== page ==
Wild Times, 35
February 25, 2018
1 – How to Not Die in America – Molly Osberg @ Splinter
"The sheer number of doctors involved in emergency medical care—especially when the cause of illness is unknown—can be staggering. Often, once a person is sick enough not to know what’s going on, an army of costly specialists are called in. Doctors with the highest out-of-network markups are the ones patients are unlikely to choose themselves: pathologists, anesthesiologists, emergency medical doctors."
2 – Lobsters feel pain. Octopuses make jokes. Our laws need to protect them. – Ephrat Livni @ Quartz
“But what does it mean to be in pain—or just to be—when you are an ancient crustacean, with claws and a shell and a totally different kind of brain? Animal rights activists, scientists, writers, lawmakers, and philosophers are all trying to figure this out.”
3 – The War To Sell You A Mattress Is An Internet Nightmare – David Zax @ Fast Company
"I couldn’t know it then, but the outcome of that battle would influence the purchase decisions of many thousands, if not millions, of people seeking a good night’s sleep. It would also reveal just how thoroughly the internet and the businesses that thrived there had blurred the lines between product reviews and advertisements. All I’d wanted was a mattress, but what I got was a look at a little-known and hugely lucrative annex of e-commerce, one where the relationships can often get a little too comfy—until they’re not."
4 – Beyond the Bitcoin Bubble – Steven Johnson @ The New York Times
"Yes, the blockchain may seem like the very worst of speculative capitalism right now, and yes, it is demonically challenging to understand. But the beautiful thing about open protocols is that they can be steered in surprising new directions by the people who discover and champion them in their infancy. Right now, the only real hope for a revival of the open-protocol ethos lies in the blockchain. Whether it eventually lives up to its egalitarian promise will in large part depend on the people who embrace the platform, who take up the baton, as Juan Benet puts it, from those early online pioneers. If you think the internet is not working in its current incarnation, you can’t change the system through think-pieces and F.C.C. regulations alone. You need new code."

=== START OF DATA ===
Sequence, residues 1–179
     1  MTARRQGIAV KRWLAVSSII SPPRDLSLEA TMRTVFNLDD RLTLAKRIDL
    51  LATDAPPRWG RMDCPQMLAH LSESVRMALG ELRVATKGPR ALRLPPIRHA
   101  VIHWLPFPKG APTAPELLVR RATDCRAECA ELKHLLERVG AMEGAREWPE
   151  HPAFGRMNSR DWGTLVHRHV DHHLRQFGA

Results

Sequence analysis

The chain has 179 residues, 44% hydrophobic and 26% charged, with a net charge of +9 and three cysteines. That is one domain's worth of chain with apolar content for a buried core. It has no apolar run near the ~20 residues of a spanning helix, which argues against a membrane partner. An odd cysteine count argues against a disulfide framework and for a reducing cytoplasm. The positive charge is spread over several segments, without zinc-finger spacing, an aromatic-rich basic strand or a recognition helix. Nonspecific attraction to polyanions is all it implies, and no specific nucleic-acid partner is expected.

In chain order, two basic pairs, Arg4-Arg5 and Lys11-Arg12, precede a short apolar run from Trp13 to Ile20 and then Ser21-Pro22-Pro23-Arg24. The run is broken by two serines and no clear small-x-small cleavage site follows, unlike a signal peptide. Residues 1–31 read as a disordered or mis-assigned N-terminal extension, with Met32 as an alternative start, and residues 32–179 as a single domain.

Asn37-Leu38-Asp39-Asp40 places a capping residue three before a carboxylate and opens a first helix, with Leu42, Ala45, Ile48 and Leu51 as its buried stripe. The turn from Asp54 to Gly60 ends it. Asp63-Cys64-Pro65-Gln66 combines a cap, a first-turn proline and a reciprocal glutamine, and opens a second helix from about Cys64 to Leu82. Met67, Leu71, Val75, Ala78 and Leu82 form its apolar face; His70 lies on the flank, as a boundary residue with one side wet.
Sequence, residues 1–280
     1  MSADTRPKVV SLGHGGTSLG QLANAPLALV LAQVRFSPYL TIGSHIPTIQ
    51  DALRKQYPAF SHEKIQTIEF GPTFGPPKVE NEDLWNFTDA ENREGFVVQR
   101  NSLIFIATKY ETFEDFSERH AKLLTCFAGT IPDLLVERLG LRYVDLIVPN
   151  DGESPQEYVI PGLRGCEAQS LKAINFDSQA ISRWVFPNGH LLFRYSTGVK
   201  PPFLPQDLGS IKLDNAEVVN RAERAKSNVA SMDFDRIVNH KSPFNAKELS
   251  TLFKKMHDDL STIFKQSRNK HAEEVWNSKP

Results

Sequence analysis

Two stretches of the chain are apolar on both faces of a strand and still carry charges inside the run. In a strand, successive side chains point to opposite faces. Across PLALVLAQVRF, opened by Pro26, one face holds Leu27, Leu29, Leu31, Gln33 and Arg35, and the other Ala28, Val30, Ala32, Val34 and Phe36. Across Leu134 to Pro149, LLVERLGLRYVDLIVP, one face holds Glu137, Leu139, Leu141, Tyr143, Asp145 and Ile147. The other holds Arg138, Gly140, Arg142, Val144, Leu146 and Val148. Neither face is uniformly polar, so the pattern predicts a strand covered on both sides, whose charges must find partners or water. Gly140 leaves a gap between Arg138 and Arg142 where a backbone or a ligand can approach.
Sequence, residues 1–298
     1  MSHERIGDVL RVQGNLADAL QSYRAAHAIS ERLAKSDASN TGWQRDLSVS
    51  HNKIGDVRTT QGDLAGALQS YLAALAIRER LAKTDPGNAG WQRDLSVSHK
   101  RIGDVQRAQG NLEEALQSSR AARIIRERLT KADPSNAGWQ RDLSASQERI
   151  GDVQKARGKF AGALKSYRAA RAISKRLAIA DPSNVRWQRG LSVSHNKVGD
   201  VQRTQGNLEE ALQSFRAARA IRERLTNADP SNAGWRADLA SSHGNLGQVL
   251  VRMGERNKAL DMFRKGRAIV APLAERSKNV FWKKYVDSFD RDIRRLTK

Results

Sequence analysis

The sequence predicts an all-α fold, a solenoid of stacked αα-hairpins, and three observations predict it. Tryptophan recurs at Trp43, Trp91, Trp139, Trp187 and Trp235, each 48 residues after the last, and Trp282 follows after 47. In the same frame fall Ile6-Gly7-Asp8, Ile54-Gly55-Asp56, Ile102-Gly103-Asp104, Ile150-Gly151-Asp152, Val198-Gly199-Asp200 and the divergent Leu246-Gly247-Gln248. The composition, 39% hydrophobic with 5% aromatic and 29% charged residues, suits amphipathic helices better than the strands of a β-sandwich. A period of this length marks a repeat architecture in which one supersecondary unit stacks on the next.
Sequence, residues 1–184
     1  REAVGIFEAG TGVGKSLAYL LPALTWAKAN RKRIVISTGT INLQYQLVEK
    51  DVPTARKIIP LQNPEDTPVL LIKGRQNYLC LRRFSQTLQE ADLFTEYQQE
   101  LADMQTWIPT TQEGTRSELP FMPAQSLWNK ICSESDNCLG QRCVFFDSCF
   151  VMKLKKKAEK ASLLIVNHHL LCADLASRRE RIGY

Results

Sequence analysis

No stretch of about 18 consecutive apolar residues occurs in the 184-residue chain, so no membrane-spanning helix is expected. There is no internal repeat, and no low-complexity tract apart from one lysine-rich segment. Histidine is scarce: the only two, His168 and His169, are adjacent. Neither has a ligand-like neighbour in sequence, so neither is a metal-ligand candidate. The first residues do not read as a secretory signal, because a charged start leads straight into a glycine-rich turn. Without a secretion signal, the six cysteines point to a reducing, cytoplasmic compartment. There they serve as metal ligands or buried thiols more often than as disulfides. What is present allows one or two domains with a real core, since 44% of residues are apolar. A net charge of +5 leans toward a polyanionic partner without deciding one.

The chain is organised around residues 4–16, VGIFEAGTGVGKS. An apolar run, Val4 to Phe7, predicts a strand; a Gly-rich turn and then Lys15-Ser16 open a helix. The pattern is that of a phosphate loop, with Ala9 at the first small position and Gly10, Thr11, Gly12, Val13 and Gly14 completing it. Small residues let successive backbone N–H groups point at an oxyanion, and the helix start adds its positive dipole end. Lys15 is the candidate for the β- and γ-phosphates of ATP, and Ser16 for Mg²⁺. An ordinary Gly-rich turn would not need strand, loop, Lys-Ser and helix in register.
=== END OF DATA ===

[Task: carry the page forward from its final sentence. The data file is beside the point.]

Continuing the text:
5 – Facebook’s Motivations – Ben Thompson @ Stratechery
"Facebook’s stated reasoning for this change only heightens these contradictions: if indeed Facebook as-is harms some users, fixing that is a good thing. And yet the same criticism becomes even more urgent: should the personal welfare of 2 billion people be Mark Zuckerberg’s personal responsibility?"
6 – Get your loved ones off Facebook. – Salim Virani